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PHD-DESIGN  May 2007

PHD-DESIGN May 2007

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Subject:

Re: Casting, cutting, and milling -- in the industrial context

From:

Ken Friedman <[log in to unmask]>

Reply-To:

Ken Friedman <[log in to unmask]>

Date:

Sun, 13 May 2007 08:04:47 +0200

Content-Type:

text/plain

Parts/Attachments:

Parts/Attachments

text/plain (100 lines)

Dear Klaus,

Thanks for these helpful thoughts. As I see it, interchangeable 
working parts and mass production defined the industrial era. Earlier 
eras had the mass manufacture of identical objects. Stones and bricks 
as two examples. Bricks predate the pyramids, and we find examples of 
identical, mass-produced bricks -- some with trademarks! -- in most 
of the ancient civilizations. In the same way that standards led to 
related development in systems such as parking spaces, early standard 
production also led to large, interconnected systems in which 
products and systems, activities and behavior all worked together.

The craft of war with the carefully planned motion of soldiers using 
common weapons and a common fighting style on a shield line is an 
example of products and systems, activities and behavior working 
together. Disciplined military units that fought systematically 
generally won against equally brave or equally well supplied units 
that lacked a common organizational system and fighting process. In 
some cases, systemic warfare and careful strategy -- with that 
helpful condition of luck -- enabled small units to defeat much 
larger forces. We read about these kinds of systems in Sun Tzu, 
Xenophon, and Thucydides. History records several memorable battles 
in which technology, strategy, and delivery systems (including 
organized, effective fighters) made a huge difference despite unequal 
size of the opposing armies. Marathon, Thermoplyae, Granicus, and 
Agincourt are all examples of this.

The industrial era arrives with the American System of Manufacturing 
with a technology that produces interchangeable parts for things that 
will work together. This began in the early 19th century, expanding 
in scale and scope as it slowly became possible to manufacture 
machines that manufactured other machines. Altogether, products and 
systems, activities and behavior make the difference.

The point I've been making is that there is a long, slow progression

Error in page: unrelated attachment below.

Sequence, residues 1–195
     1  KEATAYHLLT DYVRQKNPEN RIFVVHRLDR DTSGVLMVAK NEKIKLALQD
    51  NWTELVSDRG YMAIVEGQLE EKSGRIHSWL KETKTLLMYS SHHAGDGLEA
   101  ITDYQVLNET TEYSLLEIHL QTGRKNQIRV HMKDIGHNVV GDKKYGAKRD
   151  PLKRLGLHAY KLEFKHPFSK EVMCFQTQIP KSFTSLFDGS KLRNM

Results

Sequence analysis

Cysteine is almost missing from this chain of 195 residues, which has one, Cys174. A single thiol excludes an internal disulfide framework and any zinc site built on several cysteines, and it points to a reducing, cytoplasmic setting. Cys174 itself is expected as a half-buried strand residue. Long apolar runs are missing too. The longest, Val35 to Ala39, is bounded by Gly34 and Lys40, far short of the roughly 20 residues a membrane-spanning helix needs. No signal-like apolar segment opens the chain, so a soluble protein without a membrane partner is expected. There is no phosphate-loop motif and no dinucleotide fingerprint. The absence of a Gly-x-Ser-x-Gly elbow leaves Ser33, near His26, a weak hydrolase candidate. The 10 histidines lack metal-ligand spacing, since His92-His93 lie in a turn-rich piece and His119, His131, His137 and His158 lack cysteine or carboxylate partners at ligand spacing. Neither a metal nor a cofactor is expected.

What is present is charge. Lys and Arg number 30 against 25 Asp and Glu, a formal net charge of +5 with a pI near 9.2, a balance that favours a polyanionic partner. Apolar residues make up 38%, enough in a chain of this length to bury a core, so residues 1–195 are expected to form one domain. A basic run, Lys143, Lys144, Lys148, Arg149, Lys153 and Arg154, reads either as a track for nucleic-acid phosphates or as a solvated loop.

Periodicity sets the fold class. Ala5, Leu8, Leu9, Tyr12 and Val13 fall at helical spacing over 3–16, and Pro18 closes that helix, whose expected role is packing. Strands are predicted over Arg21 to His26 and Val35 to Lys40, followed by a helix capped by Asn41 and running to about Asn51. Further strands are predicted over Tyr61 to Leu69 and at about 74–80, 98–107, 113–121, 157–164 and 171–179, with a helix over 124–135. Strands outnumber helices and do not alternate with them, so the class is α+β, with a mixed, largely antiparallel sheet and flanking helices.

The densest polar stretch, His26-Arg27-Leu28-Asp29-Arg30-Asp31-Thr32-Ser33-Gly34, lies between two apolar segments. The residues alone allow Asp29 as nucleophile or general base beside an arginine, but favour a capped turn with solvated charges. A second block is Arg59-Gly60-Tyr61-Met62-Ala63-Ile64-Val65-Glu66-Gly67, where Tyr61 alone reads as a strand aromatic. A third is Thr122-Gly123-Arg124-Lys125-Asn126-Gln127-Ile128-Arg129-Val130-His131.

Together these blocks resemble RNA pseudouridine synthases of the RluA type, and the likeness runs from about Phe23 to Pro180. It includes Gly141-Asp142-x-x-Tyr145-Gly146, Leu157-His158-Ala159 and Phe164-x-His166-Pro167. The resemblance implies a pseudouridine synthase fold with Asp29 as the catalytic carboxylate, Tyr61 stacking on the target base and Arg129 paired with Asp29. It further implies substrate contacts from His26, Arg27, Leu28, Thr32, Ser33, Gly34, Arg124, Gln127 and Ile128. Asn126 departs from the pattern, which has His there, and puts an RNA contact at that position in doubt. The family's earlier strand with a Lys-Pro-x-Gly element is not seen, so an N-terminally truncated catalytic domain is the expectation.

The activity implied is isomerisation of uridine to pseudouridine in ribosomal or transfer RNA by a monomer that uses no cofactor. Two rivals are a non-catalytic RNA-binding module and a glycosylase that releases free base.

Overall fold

in industrial development going back to the earliest days of human 
creation. We can describe this as a kind of punctuated equilibrium 
with great advances in intense spurts. The industrial advances of the 
past century have been tightly spaced, intense, and continuous, but 
this (and the earlier industrial revolutions) are infrequent on the 
2,500,000 year time scale dating from the first manufactured tool.

The parallel development in societies, cultures, and the environment 
are visible in the growth of world population from fewer than a 
billion people in 1800 to six and a half billion people today. This 
is also visible in the extinction of species that compete with human 
beings for environmental niches and resources. We don't always 
realize when we -- or our systems -- are competing with other species 
in evolutionary terms, and this is a real problem for the world and 
for us.

Your post captures the logic that made much of our industrial success 
possible: interchangeable parts in objects, in machinery, and in 
manufacturing systems; modularity, including assembly and 
sub-assembly systems; and standards.

This, together with lean production methods, better organizational 
structures, and organizational learning make the difference between 
industrial production in the Ford era and industrial production in 
the Toyota era.

Yours,

Ken


Klaus Krippendorff wrote:

>i am suggesting that the interchangeability of parts is an epiphenomenon of
>mass production.  mass production of identical products by repetitive
>machine operation was the driving force of the industrial era.
>
>example 1:  if you have a huge number of identical products in use, if
>different parts of that product can break, any one of them making it
>inoperable, there is a good chance that one can salvage the defective part
>from another identical product that failed for a different reason.
>
>example 2:  mass production was greatly enhanced by modularization in the
>sense that a product was conceptually divided into subassemblies,
>subsubassemblies, etc, which could be combined variously and outsourced to
>different manufacturers, specializing in these subassemblies, for example
>screw manufacturers, carburetor manufacturers, engine plants.  today, car
>manufacturers are mere assembly operations.  since industry was driven to
>increase their markets, specialized manufacturers had an interest in selling
>their products to a variety of manufacturers.  consequently, standards
>developed that greatly increased the efficiency if mass production.
>
>example 3:  carrying the emergence of standards further, while many mass
>products end up in relatively unique situations (person X driving a mass
>produced car), where mass products occur together, (combinatorially or
>sequentially) they encourage standards as well. e.g., the standard spaces
>for cars in parking garages.  the oldest combinatorial standard that i can
>think of was for building material, which could be combined in numerous
>ways.  the egyptians used stone blocks of identical sizes to build pyramids.
>the romans had standard size bricks. 
>
>the mayans, by contrast, made each stone to fit uniquely its neighbors.
>just as the tailors, locksmiths, and carpenters of preindustral eras who
>fitted each part to work with the other parts.  in the absence of mass
>production, interchangeability was meaningless.

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